So ye shall not pollute the land wherein ye are: for blood it defileth the land: and the land cannot be cleansed of the blood that is shed therein, but by the blood of him that shed it. -Numbers 35:33
Dallas — The immortal themes of blood and justice, gods and revenge, are at the heart of Shakespeare Dallas’ production of Titus Andronicus, the first time the group has staged this title in its four decades. Directed by Christie Vela, all the elements of the play weave a beautiful tapestry of the human experience, holding up the mirror to the audience and asking: be thou barbarous?
After ten years of war with the Goths, veteran Roman General Titus Andronicus returns to announce victory, and to bury his 21 sons lost in the war. In Shakespeare’s text, and deftly done in Raphael Parry’s performance, we feel the beginning of the madness that will overcome Titus by the end of the play. It is a madness based on contradiction: what does one owe the gods, one’s family and one’s state? Which is of prime importance in war and in peace? Lastly and perhaps most importantly the question: how does one stop oneself from being a soldier? How do you stop searching for and destroying your enemy quickly and decisively?
Though Titus is off the battlefield and gloriously returned to Rome, after a total of 40 years at war we see what he has become: a man who is built to kill. There is no hesitation in Parry’s Titus. His movement, his speech and his bearing reinforce the idea of a commanding general closing with and destroying his enemies—but there is a hint of madness in this, and in the first few acts, Parry lets that madness slowly creep out until at the end of the play we have “the mad baker.” Parry dances and giggles as he serves out the pastries made of the murdered sons of Tamora.
If Titus is an Achilles figure (a great warrior, terrible at politics), then Tamora is an Odysseus. Played with emotional dexterity attuned to the high political stakes involved by Nicole Berastequi, Tamora manipulates everyone in sight to achieve her ends. After quickly ascending from prisoner of war to empress (a not wholly unbelievable plot point according to Livy) she proceeds to consolidate her power by publicly calling for mercy and understanding between the factions of Rome, while secretly revenging the murder of her son by the Andronici.
Berastequi’s subtlety and ability in this role shouldn’t be understated. She is in some way a mirror image of Parry’s Titus, but replaces brute aggression with cunning. First relying on the love of a mother for her son, then a wife for a husband, and a paramour to a lover, she uses every subterfuge to get her revenge—and nearly succeeds.
But as Edmund Wilson said of the Civil War, echoing Lincoln’s Second Inaugural address: “The gods demand blood,” and at the end of the play she and her bloodline are wiped out, save for her child born of Aaron the Moor, which will live only at the mercy of the remaining Andronici.
Jamal Sterling as Aaron the Moor is excellent, bringing a unique energy to the play. His pacing and delivery stand out—just that necessary amount to provide needed distinction between the citizenry of Rome, the court of the Goths, and a Moor who finds himself in the middle of it all. The outstanding Natalie Young, as Lavinia, shifts from an embodiment of innocence in her first scene to excited bride-to-be and then to a defiled and dismembered grotesque was intensely memorable.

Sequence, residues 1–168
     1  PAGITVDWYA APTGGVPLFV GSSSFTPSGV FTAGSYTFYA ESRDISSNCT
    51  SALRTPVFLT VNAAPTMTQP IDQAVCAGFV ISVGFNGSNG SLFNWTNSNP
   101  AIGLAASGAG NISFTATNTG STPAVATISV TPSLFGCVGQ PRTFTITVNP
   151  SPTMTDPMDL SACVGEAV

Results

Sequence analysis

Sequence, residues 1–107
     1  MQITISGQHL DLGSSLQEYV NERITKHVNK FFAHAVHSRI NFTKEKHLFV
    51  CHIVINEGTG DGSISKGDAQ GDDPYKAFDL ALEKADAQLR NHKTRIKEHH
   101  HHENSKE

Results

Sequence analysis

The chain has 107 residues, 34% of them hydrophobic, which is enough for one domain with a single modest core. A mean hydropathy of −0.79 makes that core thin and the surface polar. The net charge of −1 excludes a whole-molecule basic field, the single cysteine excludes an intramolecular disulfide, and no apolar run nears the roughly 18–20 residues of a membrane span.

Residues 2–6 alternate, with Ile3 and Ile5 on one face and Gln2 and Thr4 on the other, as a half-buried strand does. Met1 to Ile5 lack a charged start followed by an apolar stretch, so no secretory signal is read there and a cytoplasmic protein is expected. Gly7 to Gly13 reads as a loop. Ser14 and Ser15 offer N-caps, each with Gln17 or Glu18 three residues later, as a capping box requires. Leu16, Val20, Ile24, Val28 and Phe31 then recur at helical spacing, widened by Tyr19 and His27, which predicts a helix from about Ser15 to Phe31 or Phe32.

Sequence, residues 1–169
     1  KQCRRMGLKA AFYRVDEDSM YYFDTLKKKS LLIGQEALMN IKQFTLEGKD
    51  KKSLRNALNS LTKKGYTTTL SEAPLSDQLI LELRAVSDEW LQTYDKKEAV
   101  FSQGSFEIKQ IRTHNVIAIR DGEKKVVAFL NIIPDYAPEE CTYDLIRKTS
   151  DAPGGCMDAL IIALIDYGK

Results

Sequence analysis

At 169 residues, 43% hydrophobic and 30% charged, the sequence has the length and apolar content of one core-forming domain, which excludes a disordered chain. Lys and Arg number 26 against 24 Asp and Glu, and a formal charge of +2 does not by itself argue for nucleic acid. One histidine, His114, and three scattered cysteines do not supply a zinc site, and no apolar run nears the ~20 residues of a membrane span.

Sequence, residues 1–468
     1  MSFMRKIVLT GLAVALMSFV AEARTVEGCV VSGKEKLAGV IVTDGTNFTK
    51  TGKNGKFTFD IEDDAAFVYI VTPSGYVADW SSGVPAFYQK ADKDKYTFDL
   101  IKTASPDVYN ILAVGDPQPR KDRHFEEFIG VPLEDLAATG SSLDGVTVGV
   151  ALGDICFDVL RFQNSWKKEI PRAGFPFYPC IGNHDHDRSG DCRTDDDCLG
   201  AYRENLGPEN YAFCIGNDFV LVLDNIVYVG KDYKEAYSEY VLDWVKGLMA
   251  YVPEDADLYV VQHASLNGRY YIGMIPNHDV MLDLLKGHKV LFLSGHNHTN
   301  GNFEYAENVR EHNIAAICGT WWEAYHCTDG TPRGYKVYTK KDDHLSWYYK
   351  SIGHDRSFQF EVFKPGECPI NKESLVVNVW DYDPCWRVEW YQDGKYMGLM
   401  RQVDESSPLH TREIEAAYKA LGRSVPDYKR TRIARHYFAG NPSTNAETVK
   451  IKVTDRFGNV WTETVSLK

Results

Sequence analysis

The duo of Parker Grey and Branden Loera as Chiron and Demetrius are impressive in their range. Not only does it seem like they are everywhere at once in their scenes, running and fighting across the stage, but their interplay with each other highlights the necessary dipoles of humor and horror that recur throughout the play.
Everything about T.A. Taylor as Marcus Andronicus embodies “tribune and destitute Andronici.” From his powerful introduction with everything at stake, politically in the competition for the empery, to his tearful beholding of Lavinia’s bloody body, Taylor is built for this role.
While I wanted to see a bit more change of scenery, such as a notably a more pronounced crypt for the Andronici, and a forest where the play reaches its first bloody denouement, Bob Lavallee’s scenic design for the majority of the play is detailed and reinforces the power of Rome, its politics and personalities. It nicely complemented by Jen J. Madison’s costumes, Kenneth Farnsworth’s lighting, and the well-done blood and gore effects.
Special mention must be made of the “revenge, rapine and murder” scene where the staging, costumes, sound and lighting are a wonderful amalgam of a Hieronymus Bosch painting and a Día de los Muertos scene.
In Act I, Marcus Andronicus tells Titus “Thou art a Roman; be not barbarous” when Titus declares his mutinous son will not lie in the family crypt, implying that the very idea of being a Roman and being a barbarian are incompatible. But how much is it true and how much is it not understanding the contradictions in mens’ souls. Ovid perhaps struck it most succinctly:
Barbaras his ego sum, qui non intelligor illis
[Here I am a barbarian, because men understand me not]
With as much clarity and poise as actors can muster, Shakespeare Dallas explores the universal notions of what it means to be civilized and what it means to be a barbarian. And as we look on the final scene with bodies and blood covering the stage, a new Andronici emperor leading an army of Goths and a newborn child born of Goth and Moor and raised by Romans, we find we might not know.
» This week, Shakespeare Dallas moves to Addison Circle Park for two weeks.